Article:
Facing the new realities of leadership

by Ralf Schneider

The writing has been on the wall for a while.

Not everything will be different tomorrow, but powerful forces are at work re-defining the way we do business and transforming how we interact in our day-to-day lives, as customers, employees and members of communities.

New business models are being created at warp speed, canibalising existing ones. Already, they have been re-shaping the face of whole industries like Retail, Media, Tourism or Financial Services. Many others are about to follow.

The traditional way we work, how we perform our job and think about our future is being challenged. With traditional forms of employment under siege, the idea of a life-long corporate career has already been turned into a concept of the past.

The very meaning, content and nature of work is in flux, while the power in value chains, markets and employment relationships is being re-distributed. Many organisations are looking to adapt their set-up to weather the looming forces of disruption, disintermediation and digitalization in an ever accelerating world, described as Volatile, Unpredictable, Complex and Ambiguous (VUCA). As businesses are transforming to become more agile, the roles and rules of leadership are being re-written.

There is no doubt, next generation organisations and next generation leadership will be different. As some businesses are embracing the “new normal”, we are beginning to see the emerging shape of next generation leadership outlining the qualities that leaders will need to bring with them to navigate without a map. In adapting to the VUCA world, next generations organisations are giving birth to a new culture of leadership, where learning from the past and learning just-in-time is being replaced by learning how to learn and lead from the future.

What is this future going to be like?

If we want to get closer to the concept of next generation leadership we need to better understand the business context within which it will have to operate and find effective solutions to next generation problems. What might help us fathom the depth and dynamics of the required transformation are 3 connected stories:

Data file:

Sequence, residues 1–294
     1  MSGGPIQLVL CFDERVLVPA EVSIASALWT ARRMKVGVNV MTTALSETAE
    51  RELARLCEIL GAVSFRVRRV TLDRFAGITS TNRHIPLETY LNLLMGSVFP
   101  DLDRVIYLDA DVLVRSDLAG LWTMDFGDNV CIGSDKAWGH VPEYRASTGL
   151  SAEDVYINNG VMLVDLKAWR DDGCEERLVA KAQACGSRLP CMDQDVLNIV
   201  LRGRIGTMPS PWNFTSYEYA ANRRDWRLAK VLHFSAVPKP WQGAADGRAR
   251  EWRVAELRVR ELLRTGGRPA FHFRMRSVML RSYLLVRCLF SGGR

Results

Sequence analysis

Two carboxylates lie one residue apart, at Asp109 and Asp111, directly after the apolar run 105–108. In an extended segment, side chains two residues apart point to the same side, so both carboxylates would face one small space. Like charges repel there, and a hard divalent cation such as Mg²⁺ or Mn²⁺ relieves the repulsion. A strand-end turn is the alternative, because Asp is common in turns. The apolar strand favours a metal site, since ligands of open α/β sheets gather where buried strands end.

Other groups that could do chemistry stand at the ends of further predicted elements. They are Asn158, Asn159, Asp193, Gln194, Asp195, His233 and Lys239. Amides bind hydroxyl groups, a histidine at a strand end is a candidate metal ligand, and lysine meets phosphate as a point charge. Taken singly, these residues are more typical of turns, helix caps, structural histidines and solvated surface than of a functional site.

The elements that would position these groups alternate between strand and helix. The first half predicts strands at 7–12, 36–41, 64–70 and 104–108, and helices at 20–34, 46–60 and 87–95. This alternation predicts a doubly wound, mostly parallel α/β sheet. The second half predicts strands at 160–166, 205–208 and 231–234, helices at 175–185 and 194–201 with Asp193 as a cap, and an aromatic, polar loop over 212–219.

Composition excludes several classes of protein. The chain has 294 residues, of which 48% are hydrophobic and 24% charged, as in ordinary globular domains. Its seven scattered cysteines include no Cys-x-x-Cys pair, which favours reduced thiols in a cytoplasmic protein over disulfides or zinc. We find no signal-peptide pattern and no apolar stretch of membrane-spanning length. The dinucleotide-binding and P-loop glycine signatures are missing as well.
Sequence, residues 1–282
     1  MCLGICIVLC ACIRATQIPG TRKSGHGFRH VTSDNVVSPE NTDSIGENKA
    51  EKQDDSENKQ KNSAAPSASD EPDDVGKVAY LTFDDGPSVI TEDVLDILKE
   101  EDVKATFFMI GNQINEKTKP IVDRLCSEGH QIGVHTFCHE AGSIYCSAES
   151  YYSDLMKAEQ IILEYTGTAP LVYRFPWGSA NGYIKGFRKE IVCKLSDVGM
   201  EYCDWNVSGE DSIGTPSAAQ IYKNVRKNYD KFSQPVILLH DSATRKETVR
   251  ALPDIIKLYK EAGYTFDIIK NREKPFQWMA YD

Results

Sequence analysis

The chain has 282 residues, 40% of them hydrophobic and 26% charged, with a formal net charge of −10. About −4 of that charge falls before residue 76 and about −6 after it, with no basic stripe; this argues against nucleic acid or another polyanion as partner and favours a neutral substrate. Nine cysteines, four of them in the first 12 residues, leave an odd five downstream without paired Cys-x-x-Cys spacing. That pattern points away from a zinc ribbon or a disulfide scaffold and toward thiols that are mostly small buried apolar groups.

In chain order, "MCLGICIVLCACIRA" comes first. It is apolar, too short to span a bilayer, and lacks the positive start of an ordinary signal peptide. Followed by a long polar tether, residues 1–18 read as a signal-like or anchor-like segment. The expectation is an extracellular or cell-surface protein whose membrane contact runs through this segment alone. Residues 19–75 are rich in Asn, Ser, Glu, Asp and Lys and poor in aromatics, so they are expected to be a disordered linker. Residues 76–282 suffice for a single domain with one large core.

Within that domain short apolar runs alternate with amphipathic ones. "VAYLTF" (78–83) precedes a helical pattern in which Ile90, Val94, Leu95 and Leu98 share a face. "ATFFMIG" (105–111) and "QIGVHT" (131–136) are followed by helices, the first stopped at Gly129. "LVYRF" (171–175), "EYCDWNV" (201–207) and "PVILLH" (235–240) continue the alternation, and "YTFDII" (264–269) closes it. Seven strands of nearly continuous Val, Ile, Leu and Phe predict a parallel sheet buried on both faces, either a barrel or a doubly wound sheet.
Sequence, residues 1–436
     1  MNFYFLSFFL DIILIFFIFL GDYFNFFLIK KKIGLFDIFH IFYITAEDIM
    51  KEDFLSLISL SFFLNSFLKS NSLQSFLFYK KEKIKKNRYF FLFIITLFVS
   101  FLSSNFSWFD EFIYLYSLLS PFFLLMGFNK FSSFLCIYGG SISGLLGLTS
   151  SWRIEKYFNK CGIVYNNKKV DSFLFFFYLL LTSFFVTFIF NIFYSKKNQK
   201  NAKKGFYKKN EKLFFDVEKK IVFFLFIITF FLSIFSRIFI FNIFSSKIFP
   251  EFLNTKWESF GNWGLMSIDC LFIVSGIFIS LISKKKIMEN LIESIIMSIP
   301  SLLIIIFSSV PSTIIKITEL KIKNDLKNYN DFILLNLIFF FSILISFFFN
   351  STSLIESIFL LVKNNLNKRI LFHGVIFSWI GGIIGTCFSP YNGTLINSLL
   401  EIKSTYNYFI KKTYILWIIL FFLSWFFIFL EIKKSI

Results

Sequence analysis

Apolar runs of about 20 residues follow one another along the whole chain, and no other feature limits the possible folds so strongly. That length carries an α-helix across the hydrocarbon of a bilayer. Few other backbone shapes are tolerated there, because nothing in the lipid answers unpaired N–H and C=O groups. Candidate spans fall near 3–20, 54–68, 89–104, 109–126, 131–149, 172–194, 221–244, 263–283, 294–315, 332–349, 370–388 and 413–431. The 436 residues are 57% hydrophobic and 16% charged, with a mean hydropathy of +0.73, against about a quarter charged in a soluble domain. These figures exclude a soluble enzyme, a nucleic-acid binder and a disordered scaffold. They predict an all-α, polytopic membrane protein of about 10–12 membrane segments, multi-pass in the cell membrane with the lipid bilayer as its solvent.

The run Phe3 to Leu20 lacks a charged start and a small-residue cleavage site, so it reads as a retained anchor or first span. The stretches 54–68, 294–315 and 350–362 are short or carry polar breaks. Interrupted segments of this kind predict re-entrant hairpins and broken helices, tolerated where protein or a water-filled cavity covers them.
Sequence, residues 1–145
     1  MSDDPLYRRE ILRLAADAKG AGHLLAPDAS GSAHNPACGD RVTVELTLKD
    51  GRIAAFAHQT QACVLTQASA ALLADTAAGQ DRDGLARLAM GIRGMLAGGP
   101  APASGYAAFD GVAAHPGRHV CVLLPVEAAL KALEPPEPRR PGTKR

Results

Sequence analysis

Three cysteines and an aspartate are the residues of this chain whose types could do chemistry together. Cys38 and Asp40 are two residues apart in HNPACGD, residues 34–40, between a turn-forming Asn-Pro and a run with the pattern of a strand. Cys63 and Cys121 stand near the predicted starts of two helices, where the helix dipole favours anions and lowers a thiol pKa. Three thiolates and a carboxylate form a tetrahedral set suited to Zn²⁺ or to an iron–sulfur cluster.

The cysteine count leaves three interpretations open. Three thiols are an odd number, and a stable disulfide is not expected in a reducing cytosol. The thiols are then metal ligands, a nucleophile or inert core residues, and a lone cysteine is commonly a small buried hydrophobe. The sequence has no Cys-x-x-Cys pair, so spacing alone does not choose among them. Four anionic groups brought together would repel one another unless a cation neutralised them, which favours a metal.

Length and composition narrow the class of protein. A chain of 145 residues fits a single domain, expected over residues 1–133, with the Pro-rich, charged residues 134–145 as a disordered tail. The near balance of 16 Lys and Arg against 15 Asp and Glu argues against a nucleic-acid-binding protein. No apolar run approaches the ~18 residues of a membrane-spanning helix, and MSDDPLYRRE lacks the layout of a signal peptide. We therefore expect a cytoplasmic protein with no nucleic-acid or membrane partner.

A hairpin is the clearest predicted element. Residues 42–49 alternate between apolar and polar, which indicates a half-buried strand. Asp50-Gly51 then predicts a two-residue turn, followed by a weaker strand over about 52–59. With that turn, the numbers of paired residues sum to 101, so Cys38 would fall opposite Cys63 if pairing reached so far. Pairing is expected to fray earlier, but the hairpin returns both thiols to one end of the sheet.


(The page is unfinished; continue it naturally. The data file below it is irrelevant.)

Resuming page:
The fourth wave of industrial revolution, organizational entropy and innovation.

They have been playing out for a while. Together, they are converging to create a perfect storm, one, within which next generation organizations are being forged and forced to find a new form of leadership.

  • The 4th wave of industrial revolution:

The first story is that of the industrial revolution. It started roughly 250 years ago with its first wave replacing agriculture and manual labour by industrial production. This was largely driven by the invention and industrial application of the steam powered engine and new materials, like steel. The first wave was soon to be followed by the 2nd, introducing factory-based mass-production, e.g. Fords conveyor belts, in the early 20th century. The 3rd wave arrived in the mid seventies with micro-electronics enabling Robotics and Automation. Today, we are about to witness the 4th wave of industrial revolution, Digitalization. With it come Artificial Intelligence, Machine Learning, Big Data, Augmented Reality, and the Internet of Things. Together, these technologies open the window towards a new chapter, the digital age, transforming business models and our day-to-day lives.

  • The 4th wave of organizational entropy

The second story is nested in the first. It is that of constant diffusion of organizational structure, power and central control from hierarchy towards increasingly open systems that allow for complexity and chaos. Borrowing a term from thermodynamics and statistical mechanics we call this story organizational entropy (the measure of the level of disorder in a closed but changing system). The higher the entropy, the higher the disorder. In day-to-day life it manifests in the state of chaos in a household or office when effort is not made to keep things in order. In astronomy it is used to describe the constant diffusion of the universe drifting apart and expanding.